When I opened the box containing the test model of the ASUS Zenbook S 13 OLED sent to me for review, I first thought there had been a terrible mistake. Seemingly, ASUS had accidentally sent a tiny little kiddie tablet instead of a proper laptop, or was this a miniature model of a laptop, or, like, maybe half of it was missing? Was this an IKEA-style self-assembly thing? Would more parts be arriving later? Surely, this wasn't it.
What I was holding, carefully and delicately, was a thin rectangle that weighed hardly any more than my now-ageing iPad, the stone-textured lid accentuated with striking diagonal lines.
Now, I'm aware that there's a big, thriving market out there for compact laptops, to the point where we have a dedicated guide to the best 13-inch laptops. But as a long-time non-enthusiast of small-screen laptops (what's the point, I ask myself. Why not just get a tablet if you want something small to squint at and then a proper computer with a proper screen, I ask myself), I was apprehensive about getting this dinky little unit for testing myself. I could have sent it to one of our many freelance experts who I pay to be professionally objective about this sort of thing. But could I be? So I decided to challenge myself as I sat and looked at this tiny little thing, thinking, 'Small laptops are pointless. Change my mind.'
Well, it's been three weeks now, and my mind has been thoroughly changed.
ASUS Zenbook S 13 OLED: Key specs
|Intel Core i7-1355U (10 cores, 12 threads)
|Intel Iris Xe Graphics
|13.3in, 2.8K (2880x1800) OLED, 16:10 aspect ration, 60Hz refresh rate, 550 nits, 100% DCI-P3 colour gamut
|1x USB-A 3.2, 2x Thunderbolt 4, 1x HDMI 2.1, 1x 3.5mm Combo Audio Jack
|Wi-Fi 6E (802.11ax), Bluetooth 5.3
|29.62 x 21.63 x 1.09-1.18cm
Design and build on the ASUS Zenbook S 13 OLED
Two things struck me on the first impression of the Zenbook S 13 OLED. First, it's small. Like, really small. Weighing exactly one kilogram, it's only 350 grams heavier than an iPad Pro 12.9, and this is a whole entire computer, remember. It's only just over a centimetre thick with the lid closed, and the width x length dimensions have been kept to a minimum too, with a nearly bezel-less screen and a compact keyboard and trackpad.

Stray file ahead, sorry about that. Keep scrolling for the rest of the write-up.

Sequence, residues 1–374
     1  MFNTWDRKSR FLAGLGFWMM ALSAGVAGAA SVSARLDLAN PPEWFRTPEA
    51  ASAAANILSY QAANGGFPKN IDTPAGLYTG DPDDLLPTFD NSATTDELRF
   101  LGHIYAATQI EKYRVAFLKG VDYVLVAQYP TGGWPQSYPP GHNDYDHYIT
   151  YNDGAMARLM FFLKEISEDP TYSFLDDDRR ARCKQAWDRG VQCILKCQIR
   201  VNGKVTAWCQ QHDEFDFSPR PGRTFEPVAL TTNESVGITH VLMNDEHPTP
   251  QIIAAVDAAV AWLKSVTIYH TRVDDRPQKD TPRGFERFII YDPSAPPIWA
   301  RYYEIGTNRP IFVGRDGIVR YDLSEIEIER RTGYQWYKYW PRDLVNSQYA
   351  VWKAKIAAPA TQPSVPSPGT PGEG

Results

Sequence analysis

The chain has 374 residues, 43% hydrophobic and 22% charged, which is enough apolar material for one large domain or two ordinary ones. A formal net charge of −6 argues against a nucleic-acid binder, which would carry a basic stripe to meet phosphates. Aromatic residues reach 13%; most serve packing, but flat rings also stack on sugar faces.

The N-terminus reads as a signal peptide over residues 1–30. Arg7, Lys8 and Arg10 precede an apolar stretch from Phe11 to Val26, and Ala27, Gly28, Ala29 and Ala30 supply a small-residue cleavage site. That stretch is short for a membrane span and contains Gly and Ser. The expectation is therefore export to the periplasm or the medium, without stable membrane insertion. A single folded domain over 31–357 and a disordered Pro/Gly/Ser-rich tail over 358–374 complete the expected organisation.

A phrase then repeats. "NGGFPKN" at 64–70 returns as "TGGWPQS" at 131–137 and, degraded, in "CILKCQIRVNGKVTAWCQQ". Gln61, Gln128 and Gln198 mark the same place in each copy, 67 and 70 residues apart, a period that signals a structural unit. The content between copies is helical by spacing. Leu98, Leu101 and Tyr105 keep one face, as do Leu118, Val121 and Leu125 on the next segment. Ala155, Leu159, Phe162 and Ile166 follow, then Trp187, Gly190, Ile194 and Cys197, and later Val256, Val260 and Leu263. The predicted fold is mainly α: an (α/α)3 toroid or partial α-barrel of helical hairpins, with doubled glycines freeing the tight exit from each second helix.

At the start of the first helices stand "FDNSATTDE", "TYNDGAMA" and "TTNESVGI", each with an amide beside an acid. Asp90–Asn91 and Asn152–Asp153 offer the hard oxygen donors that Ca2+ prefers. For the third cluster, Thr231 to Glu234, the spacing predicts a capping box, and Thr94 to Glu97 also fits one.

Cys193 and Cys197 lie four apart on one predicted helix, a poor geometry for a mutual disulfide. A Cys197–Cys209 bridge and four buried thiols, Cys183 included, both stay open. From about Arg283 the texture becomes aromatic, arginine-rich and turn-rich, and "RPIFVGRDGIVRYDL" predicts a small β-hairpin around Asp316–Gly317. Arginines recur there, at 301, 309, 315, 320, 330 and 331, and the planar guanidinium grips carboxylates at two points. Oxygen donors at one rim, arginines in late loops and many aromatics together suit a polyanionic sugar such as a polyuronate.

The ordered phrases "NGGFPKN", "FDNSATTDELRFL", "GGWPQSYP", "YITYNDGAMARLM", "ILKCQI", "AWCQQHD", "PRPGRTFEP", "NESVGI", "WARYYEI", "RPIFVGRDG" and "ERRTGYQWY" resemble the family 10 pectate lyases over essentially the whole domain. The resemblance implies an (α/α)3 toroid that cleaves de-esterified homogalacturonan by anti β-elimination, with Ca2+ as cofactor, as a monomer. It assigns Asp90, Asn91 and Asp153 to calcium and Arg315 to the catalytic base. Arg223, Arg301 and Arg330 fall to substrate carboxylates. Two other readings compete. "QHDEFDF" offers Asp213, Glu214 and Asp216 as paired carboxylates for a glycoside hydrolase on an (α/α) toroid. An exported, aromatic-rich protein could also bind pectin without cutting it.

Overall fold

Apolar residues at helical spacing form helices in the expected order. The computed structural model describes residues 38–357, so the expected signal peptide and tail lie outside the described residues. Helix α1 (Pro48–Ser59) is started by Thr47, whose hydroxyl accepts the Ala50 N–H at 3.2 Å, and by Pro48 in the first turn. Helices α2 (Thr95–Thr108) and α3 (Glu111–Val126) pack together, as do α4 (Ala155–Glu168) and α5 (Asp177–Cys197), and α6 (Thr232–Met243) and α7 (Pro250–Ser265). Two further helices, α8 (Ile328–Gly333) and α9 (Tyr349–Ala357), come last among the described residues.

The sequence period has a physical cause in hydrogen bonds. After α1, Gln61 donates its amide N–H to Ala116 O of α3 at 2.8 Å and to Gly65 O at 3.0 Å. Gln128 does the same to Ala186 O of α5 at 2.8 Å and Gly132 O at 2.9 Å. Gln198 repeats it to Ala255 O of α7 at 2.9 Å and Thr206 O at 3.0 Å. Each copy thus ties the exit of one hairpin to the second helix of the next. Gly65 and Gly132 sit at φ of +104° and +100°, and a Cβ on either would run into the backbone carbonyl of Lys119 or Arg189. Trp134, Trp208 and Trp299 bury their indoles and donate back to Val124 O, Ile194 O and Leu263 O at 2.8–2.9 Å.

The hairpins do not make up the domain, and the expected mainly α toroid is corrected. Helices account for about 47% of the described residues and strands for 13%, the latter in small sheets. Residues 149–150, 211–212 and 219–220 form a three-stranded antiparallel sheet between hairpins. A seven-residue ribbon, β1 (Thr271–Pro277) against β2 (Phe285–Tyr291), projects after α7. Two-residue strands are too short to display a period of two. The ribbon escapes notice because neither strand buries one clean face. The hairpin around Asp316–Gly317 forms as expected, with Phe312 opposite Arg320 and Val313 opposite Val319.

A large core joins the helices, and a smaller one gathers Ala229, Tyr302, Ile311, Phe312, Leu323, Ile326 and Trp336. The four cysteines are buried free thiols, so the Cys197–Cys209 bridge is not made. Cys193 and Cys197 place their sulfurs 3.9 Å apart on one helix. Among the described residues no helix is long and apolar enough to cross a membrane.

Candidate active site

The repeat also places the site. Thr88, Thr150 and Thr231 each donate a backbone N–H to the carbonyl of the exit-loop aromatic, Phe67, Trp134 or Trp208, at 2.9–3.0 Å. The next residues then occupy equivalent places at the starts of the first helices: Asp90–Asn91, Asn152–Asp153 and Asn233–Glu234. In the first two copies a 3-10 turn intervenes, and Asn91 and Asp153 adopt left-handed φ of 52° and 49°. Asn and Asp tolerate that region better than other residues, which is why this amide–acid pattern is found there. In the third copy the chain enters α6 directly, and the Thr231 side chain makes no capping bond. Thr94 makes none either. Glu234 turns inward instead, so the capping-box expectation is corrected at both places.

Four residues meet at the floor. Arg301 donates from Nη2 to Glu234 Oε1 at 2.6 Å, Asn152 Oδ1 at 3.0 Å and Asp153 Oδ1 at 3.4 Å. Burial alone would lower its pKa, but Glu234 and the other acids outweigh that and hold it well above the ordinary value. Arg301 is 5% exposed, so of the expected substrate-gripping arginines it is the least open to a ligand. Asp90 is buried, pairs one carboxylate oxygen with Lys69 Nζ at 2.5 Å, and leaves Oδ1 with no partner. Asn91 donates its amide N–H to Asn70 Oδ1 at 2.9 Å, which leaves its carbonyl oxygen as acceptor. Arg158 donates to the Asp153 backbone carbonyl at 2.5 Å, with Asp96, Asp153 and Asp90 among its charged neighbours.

Second, it looks different to most laptops I've used. The diagonally lined lid (the lines form the ASUS logo) has a fine stone-like texture and the feel of the chassis is different to other laptops I've held. Turns out the answer is deeper than some new nifty coating. The Zenbook S chassis is made from post-industrial recycled aluminium and the keyboard cover is made from a mixture of PIR aluminium and PIR magnesium-aluminium alloy. The keycaps are made from post-consumer recycled plastics, and even the speakers are made from PCR plastics and ocean-bound plastics (that is, plastics that would otherwise have ended up in the ocean, not that the speakers are intended to be tossed in the sea). Even the packaging the laptop arrives in is sustainably made and fully recyclable.
As an environmentalist who routinely struggles with the questionable morality of testing, using and writing about tech that, let's be honest, isn't doing wonders for our ecosystem, seeing something like this done for a mass-market tech product warms my cold, cynical heart.
Impressively, despite the extreme lightness, and to dissuade any fears that 'recycled' means 'flimsy', the Zenbook S 13 OLED feels incredibly sturdy. The screen hinges are firm, the keyboard feels responsive and substantial and the trackpad is good too.
And the screen. Hoo boy.
Screen and features on the ASUS Zenbook S 13 OLED
ASUS frequently boasts about having the 'best OLED screen technology' on the laptop market, and the 13-inch, 2.8K ASUS Lumina OLED certainly makes a strong case for being the greatest screen I've ever seen on a small-form laptop. Incredibly sharp, it's bright at 550 nits (while reducing harmful keeps-you-up-at-night blue light by a claimed 70%), claims a 100% DCI-P3 colour coverage and a Pantone Validated certification.
With a measured sRGB coverage of 113% too, it actually outperforms the vaunted MacBook Air in the screen department, with a 1,000,000:1 contrast ratio and 1.07 billion colours well presented.